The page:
While sitting inside a glass house, with the lights turned on against the darkness outside, all you see in the glass are reflections of yourself and the objects that surround you. This bright, brittle presentation of yourself, to yourself, creates an illusionary sense of privacy.
Viewed from the outside, from the apparent anonymity of the dark, the occupier’s privacy is displayed for all to see. Layers of reflection and transparency interweave multiple aspects of individuality so allowing for a constantly moving range of interpretation.
As a house, I provide a portrait of myself living in a digital world, aware that I share aspects of myself both actually and virtually. Each object presents an aspect of me but based on my digital, virtual presence this collection could be created remotely by data mining. The images are transparent because they not only inter-relate with each other but they also interfere with one another. For me, this is a challenge to the reductionist approach that is inherent in the analysis undertaken by data systems. We are more complex than that.
Houses have become increasingly transparent. Windows allow access to natural light and offer a view of the external world but those who are outside can also see into our internal world – our house.
Information technology, retail databases, government information, data mining, mobile technologies and social media offer a similar aspect. Our glass windows have become glass houses. What was once hidden and private is now on display and shared with others. This can suffer the distortions and reflections that can lead to the misinterpretation and manipulation that large quantities of data can expose.
The structure I developed, digitally, became a glass box within a glass box. Objects collected and contained within the structure can be readily identified as items bought and owned – all, I suspect, readily traceable through various retail databases.
Stored together in loose collections, each glass box shares an aspect of my personal interests and responsibilities, but each present to the digital information age a presence that forms a virtual, digital, self-portrait.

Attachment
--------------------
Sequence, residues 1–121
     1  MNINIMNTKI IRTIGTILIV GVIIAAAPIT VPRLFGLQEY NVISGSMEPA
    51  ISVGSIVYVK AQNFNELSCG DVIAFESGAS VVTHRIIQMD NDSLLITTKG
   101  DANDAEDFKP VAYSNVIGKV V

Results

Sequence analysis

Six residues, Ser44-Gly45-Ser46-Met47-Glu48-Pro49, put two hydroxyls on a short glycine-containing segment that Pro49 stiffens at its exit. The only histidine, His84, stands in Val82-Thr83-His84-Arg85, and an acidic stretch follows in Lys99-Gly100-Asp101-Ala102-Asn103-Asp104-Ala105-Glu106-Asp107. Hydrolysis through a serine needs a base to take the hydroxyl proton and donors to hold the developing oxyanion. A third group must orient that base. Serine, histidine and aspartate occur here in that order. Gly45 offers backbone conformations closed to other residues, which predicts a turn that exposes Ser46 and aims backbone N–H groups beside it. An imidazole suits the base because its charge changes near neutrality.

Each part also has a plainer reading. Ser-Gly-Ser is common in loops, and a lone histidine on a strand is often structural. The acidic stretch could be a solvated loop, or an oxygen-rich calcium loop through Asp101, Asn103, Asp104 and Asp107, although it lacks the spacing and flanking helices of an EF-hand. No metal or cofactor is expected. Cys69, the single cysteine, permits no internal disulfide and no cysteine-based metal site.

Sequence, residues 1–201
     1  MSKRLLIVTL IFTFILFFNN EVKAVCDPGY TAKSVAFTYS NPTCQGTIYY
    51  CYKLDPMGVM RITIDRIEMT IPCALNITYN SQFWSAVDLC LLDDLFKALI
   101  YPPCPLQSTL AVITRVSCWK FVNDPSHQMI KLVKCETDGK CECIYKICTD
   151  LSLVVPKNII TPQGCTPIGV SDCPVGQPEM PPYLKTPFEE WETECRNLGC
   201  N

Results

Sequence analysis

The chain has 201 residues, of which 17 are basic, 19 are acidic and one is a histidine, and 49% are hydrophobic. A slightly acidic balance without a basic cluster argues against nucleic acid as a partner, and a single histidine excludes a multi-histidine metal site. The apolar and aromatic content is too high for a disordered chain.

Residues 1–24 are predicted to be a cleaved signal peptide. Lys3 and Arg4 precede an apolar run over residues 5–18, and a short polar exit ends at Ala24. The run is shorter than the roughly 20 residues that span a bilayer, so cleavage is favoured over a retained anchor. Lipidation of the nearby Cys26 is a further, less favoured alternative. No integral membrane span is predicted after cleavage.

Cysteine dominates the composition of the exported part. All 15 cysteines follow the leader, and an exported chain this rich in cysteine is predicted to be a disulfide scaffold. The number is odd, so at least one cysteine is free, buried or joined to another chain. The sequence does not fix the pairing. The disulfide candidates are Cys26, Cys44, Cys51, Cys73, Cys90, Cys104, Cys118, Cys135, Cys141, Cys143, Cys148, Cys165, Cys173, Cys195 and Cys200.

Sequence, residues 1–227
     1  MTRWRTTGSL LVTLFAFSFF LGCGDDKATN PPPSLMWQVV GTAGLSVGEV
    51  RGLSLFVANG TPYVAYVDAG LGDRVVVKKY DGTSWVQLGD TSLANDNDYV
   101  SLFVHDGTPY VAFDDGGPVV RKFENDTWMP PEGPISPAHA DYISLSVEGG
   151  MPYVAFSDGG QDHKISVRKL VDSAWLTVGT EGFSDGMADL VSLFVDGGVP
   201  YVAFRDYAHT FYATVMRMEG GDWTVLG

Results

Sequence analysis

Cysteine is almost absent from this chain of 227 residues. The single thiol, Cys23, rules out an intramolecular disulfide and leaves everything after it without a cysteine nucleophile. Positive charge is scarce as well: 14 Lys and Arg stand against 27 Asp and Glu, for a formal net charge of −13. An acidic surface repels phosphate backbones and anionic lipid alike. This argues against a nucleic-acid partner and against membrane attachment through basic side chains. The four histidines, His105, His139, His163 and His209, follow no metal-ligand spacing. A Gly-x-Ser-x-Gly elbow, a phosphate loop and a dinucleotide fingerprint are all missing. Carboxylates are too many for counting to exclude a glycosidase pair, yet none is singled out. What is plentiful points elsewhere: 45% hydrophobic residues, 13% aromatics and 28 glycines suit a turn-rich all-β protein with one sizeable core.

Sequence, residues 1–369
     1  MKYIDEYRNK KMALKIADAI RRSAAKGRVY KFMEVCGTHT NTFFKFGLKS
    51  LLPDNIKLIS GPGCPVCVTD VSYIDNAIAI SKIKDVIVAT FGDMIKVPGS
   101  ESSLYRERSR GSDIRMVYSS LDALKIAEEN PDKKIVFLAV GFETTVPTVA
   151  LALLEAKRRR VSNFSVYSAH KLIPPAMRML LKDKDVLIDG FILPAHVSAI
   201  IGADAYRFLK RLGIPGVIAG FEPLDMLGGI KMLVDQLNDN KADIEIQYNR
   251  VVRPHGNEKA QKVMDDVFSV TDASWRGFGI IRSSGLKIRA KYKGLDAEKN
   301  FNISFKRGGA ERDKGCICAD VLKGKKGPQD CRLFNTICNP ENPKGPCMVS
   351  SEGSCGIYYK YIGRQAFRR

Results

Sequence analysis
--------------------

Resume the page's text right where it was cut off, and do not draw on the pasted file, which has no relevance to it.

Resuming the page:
The brittle, drawn, doors represent the diminishing security of anonymity. Behind closed doors we may feel a sense of security with the collections of objects with which we have chosen to surround ourselves, however, access to the digital world takes many forms and shapes; some obvious and others more subtle. So ultimately security is represented in my work by little more than faint doors etched on the virtual glass walls.
Security and privacy is a fragile concept and we live in a period in which there is a movement away from any functional control. The security of a house is reduced by the sheer volume of data that flows in and out of the structure.
Recognising basic similarities between us as people with an interior and an exterior, there is a clear physical boundary between us and the external world – our skin. Houses also have an inside and an outside, an up and down. We often refer to the external walls as the skin of house.
I started to explore the metaphors associated with a house, a place in which we feel safe. The simplest structure is four walls and a roof with a controlled access point – a door. A house offers protection from the elements and from others who do not form part of our intimate social group.
However, we belong to part of a social group that behave and respond in similar ways – there are accepted patterns of behaviour. To what degree does the boundary between an individual and the surrounding community maintain the private self?
Doors on houses represent inward and outward communication that is controlled by the occupant of the house. Doors come in many forms, solid oak to curtains are all access control. Security comes from social convention rather than real, physical, security.
Visualise yourself as a house. Initially, you may think of houses you have lived in, the houses you shared with your parents and siblings. All say something about you and your background but not you as a house. What about the houses you have lived in as an adult – these say more about you and your personality but it is still not you as a house.
Houses I have lived in.
What if you could live in any house? Which house would you choose? What would it be like? Think about what your choice says about you. I would probably choose a house with few if any, external windows but there would be a light-filled internal courtyard. But still, I do not think this is me as a house.
What about the house as a metaphor for psychoanalysis? Why choose this route as this approach is a methodology to identify underlying neurosis? It is a way to approach things that you may be subconsciously aware of about yourself but of which you are not consciously aware. This could be a valid tool, but I felt this was not going to assist me in representing `me as a house’.
To describe `me as a house’, what I want to do is use our shared knowledge of houses as a vocabulary to describe me; to create a non-traditional portrait of a person in a digital age.